Dostoevsky realizes that in some cases, we may really mean it when we say we really didn't mean it, because, on some level, we really didn't.

At some point in your past, your mom or some other authority-figure probably told you in no uncertain terms, in those heady minutes before you were totally grounded, "You knew what you were doing was wrong, and yet you went ahead and did it anyway."

Well, yes and no, actually. If you were caught forging checks or toilet-papering the trees in your neighbor's yard (to take two very different examples), then there is a good chance you knew that you shouldn't be doing what you were doing and yes, you went ahead and did it anyway.

But what if, like Dmitri Karamazov in The Brothers Karamazov, you pick up a heavy, blunt object while on your way to yet another sordid episode in the ongoing, angry shouting matches you continually have with your emotionally abusive, alcoholic, spiteful, neglectful dad?

You know, the drunken father who's openly trying to use his money to steal your girlfriend? The one who won't give you your inheritance because he claims you spent it all already and that actually, you owe him?

When investigators ask Dmitri why, before heading off to visit dear old dad (after finding out that his girlfriend had snuck out of her house in the dead of night), he picked up a potential weapon, Dmitri insists, "What does one pick things up for at such moments? I don't know what for. I snatched it up and ran--that's all" (444).

As Morson points out, Dostoevsky was fascinated with such cases: in his journal, he commented extensively on a case involving a woman who bought a knife and went to her lover's house after finding out that he had gone back to his wife. She began stabbing the wife, but the couple awoke and stopped her.

Did she intend to kill the wife?

Oddly enough, Dostoevsky will argue that, as in the case of his character Dmitri, the answer is "No." As Morson argues, according to Dostoevsky, "She was fully aware of what she was doing at each moment, but she could not tell it advance what she would do at the next moment" (478).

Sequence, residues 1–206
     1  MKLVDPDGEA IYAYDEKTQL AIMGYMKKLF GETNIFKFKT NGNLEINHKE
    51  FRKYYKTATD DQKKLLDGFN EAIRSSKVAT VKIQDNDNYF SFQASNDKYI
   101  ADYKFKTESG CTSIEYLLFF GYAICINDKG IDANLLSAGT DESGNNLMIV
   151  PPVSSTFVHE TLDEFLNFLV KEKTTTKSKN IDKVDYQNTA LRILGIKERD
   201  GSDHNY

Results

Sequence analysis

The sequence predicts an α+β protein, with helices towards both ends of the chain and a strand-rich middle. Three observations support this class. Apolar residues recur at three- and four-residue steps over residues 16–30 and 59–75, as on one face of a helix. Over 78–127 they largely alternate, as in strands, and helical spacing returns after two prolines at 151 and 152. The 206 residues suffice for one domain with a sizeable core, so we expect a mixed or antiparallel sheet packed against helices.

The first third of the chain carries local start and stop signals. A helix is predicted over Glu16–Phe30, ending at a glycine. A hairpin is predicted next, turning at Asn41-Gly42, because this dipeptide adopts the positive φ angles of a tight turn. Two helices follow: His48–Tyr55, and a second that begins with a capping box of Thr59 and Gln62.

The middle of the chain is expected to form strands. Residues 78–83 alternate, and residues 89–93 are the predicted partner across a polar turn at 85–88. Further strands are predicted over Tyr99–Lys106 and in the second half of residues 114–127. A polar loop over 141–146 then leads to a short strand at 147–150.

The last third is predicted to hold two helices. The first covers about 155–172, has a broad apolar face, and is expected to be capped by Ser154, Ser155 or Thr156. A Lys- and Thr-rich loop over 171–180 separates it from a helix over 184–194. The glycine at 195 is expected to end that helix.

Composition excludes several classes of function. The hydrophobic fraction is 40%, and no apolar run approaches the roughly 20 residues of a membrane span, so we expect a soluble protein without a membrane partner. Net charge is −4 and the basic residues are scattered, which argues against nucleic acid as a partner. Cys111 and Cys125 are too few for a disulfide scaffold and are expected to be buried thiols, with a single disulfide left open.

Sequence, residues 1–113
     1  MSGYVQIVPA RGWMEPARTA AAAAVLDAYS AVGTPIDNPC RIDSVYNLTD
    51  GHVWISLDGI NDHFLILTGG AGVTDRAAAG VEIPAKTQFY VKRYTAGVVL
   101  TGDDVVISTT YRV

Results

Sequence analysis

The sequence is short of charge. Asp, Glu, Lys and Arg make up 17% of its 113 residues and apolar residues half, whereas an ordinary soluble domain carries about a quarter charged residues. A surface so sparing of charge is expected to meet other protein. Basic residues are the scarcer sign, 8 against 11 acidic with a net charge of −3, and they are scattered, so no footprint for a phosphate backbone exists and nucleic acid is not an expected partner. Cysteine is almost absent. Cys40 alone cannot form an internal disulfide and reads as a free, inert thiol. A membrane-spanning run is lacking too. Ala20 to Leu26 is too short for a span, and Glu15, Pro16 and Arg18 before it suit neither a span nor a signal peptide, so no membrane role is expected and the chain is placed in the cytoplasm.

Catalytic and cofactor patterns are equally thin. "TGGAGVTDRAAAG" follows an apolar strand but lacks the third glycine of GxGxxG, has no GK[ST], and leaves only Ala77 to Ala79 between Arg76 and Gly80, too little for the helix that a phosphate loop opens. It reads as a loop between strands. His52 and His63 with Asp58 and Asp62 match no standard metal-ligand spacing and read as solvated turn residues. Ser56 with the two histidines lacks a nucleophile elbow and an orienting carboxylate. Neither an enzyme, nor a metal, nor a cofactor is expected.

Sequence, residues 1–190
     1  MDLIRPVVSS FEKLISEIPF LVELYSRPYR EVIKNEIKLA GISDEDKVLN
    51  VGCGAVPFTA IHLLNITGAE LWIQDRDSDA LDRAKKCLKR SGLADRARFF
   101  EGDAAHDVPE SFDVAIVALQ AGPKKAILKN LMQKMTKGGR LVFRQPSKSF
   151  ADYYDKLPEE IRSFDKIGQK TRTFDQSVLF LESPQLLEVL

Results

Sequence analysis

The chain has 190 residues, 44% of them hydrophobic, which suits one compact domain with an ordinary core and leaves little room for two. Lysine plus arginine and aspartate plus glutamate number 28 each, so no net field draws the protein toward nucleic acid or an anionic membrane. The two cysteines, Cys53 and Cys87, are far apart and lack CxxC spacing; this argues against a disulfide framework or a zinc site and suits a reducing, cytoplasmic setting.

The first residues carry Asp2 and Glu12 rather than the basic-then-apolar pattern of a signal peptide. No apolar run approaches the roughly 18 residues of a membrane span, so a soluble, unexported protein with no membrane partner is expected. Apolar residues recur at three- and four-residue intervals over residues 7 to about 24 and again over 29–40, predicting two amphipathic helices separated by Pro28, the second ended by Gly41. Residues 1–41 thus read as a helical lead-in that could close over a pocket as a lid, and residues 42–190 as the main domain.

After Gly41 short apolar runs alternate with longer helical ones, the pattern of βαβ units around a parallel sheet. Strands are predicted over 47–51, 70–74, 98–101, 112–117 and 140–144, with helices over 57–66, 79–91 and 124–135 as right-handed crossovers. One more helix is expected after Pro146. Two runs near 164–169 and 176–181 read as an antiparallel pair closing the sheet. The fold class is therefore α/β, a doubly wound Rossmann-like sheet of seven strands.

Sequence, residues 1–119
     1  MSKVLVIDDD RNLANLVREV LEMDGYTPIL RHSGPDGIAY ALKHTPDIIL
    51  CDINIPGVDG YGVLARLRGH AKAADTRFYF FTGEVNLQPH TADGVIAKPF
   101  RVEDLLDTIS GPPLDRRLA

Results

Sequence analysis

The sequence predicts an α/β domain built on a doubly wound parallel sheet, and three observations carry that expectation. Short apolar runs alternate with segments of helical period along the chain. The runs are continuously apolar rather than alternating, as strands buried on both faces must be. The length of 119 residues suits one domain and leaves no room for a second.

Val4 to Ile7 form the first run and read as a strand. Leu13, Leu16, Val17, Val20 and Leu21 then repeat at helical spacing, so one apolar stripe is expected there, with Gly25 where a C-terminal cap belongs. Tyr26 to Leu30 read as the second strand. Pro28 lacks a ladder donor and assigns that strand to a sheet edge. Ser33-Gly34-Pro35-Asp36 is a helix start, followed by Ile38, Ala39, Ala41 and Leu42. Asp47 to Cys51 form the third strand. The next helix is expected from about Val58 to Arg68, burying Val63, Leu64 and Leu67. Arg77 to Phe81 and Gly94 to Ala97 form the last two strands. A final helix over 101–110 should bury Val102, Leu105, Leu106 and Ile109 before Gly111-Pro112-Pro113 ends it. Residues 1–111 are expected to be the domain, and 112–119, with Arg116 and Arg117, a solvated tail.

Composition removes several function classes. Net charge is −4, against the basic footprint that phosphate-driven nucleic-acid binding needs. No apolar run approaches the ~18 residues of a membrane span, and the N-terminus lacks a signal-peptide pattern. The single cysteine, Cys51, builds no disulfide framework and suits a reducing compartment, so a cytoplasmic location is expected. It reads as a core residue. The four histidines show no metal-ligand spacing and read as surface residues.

Although not feasible as a legal standard, the idea of intentionality as a process rather than a fixed, motivating idea leads to an interesting conception of human responsibility. As Morson points out, Dostoevsky's work frequently suggests that, in any given moment, there are an infinite number of unrealized possibilities that stand an equal chance of being actualized.

Moral accountability, in Dostoevsky's conception, lies not only in acknowledging what we meant to do, what we did, and what occurred as a result, but also in contemplating what we might have done, but didn't. As Morson notes, "Dostoevsky even suggests that unactualized possibilities have their own kind of being, perhaps capable of affecting future generations of events" (482).

It is in this spirit that Dmitri Karamazov ultimately accepts responsibility for his father's murder, even though he didn't actually kill him. He wanted to kill him and he could have killed him and, were the same circumstances repeated, he might very well have killed him: for all of these things, he takes full responsibility.

He is willing to go to prison, in the end, not for what he did, but for what he didn't do--for the commission of a crime that was always within the realm of possibility.

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Ralph Waldo Emerson once wrote, "Life is short, but there is always time for courtesy."